• Tolerate abuse or disrespectful treatment.

  • Feel you deserve to be treated poorly.

  • Avoid conflict.

  • Have no sense of who you are or what you feel, need, want and think.

  • Not see flaws or weaknesses in others.

  • Focus on pleasing those around you.

  • Take on the feelings of others.

Symptoms of unhealthy boundaries
Symptoms of Unhealthy boundaries

  • Over Enmeshment:

  • This symptom requires everyone to follow the rule that everyone must do everything together and that everyone is to think, feel and act in the same way. No one is allowed to deviate from the family or group norms. Everyone looks homogeneous. Uniqueness, autonomy and idiosyncratic behaviors are viewed as deviations from the norm.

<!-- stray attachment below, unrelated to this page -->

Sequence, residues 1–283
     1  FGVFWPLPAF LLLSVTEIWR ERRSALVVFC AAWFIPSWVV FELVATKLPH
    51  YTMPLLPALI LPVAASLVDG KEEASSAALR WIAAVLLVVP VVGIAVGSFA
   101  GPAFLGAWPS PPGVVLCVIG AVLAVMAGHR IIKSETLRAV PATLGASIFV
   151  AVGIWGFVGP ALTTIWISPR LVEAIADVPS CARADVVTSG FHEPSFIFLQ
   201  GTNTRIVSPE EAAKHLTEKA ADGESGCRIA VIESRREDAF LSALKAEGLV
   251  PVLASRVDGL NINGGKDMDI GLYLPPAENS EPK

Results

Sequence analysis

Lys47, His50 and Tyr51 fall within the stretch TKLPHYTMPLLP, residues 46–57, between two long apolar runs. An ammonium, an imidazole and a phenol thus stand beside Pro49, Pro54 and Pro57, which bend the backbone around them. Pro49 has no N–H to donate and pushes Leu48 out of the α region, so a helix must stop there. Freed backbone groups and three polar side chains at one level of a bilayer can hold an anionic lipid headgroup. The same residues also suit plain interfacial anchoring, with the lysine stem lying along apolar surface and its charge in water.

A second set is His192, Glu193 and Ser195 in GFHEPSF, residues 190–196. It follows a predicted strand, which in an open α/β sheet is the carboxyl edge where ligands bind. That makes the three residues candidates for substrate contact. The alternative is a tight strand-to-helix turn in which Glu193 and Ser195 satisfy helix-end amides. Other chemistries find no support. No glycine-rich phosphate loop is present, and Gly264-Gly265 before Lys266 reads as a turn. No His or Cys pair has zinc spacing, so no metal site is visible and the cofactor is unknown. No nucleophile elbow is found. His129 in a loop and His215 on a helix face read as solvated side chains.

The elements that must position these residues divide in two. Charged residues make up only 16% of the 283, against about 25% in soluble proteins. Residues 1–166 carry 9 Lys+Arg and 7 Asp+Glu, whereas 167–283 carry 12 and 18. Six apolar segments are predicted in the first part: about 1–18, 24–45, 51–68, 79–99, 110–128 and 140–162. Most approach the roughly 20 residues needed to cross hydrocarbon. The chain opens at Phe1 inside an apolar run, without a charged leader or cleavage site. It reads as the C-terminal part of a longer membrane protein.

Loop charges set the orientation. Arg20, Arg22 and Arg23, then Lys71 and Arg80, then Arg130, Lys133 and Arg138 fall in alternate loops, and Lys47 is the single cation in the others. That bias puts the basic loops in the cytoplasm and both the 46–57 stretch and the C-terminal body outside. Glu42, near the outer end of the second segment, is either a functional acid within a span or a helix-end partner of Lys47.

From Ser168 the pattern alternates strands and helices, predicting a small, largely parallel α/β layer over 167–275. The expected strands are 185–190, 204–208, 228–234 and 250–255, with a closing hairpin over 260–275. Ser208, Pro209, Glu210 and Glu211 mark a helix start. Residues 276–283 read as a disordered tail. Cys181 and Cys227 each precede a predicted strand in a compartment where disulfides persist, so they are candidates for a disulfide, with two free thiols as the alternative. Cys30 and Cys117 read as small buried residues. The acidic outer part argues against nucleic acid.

Symptoms of unhealthy boundaries1
Symptoms of Unhealthy boundaries

  • Excessive Detachment:

  • This symptom occurs when neither you nor anyone else in the group or family is able to establish any fusion of emotions or affiliation of feelings. Everyone is totally independent from everyone else and there doesn't seem to be anything to hold you and them together in healthy union. You and they seem to lack a common purpose, goal, identity or rationale for existing together. There is a seeming lack of desire from you and the other members to draw together to form a union because you fear loss of personal identity.

Symptoms of unhealthy boundaries2
Symptoms of Unhealthy boundaries

  • Victimhood or Martyrdom:

  • In this symptom, you identify yourself as a violated victim and become overly defensive to ward off further violation. Or it can be that once you accept your victimization you continue to be knowingly victimized and then let others know of your martyrdom.

Symptoms of unhealthy boundaries3
Symptoms of Unhealthy boundaries

  • Chip on the Shoulder: